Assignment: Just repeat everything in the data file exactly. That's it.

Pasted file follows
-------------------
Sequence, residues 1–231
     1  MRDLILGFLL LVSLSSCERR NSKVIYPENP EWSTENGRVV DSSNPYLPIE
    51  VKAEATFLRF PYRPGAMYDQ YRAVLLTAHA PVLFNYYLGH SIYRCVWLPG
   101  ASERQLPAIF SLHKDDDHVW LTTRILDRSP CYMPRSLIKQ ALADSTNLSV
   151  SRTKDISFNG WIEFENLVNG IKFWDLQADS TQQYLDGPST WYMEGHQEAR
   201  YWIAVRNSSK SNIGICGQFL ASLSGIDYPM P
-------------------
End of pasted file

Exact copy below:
Sequence, residues 1–231
     1  MRDLILGFLL LVSLSSCERR NSKVIYPENP EWSTENGRVV DSSNPYLPIE
    51  VKAEATFLRF PYRPGAMYDQ YRAVLLTAHA PVLFNYYLGH SIYRCVWLPG
   101  ASERQLPAIF SLHKDDDHVW LTTRILDRSP CYMPRSLIKQ ALADSTNLSV
   151  SRTKDISFNG WIEFENLVNG IKFWDLQADS TQQYLDGPST WYMEGHQEAR
   201  YWIAVRNSSK SNIGICGQFL ASLSGIDYPM P